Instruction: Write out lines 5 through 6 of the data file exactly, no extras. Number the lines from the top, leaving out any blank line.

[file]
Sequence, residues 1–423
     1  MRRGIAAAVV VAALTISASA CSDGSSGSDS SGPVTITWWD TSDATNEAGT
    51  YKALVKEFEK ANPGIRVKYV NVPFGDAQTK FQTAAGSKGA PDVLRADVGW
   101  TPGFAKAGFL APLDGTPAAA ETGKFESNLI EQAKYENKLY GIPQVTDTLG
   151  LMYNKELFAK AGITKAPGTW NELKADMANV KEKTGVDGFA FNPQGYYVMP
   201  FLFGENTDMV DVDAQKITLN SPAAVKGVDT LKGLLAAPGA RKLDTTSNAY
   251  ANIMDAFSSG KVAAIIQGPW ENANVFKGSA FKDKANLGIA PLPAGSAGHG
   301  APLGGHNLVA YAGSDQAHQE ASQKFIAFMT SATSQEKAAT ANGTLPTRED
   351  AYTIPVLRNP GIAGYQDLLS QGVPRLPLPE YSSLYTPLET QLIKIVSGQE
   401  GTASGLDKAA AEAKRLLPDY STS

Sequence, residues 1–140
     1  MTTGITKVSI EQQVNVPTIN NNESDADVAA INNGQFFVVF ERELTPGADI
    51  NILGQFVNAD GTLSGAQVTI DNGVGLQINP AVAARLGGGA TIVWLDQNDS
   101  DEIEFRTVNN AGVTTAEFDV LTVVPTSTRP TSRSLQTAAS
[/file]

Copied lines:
   151  LMYNKELFAK AGITKAPGTW NELKADMANV KEKTGVDGFA FNPQGYYVMP
   201  FLFGENTDMV DVDAQKITLN SPAAVKGVDT LKGLLAAPGA RKLDTTSNAY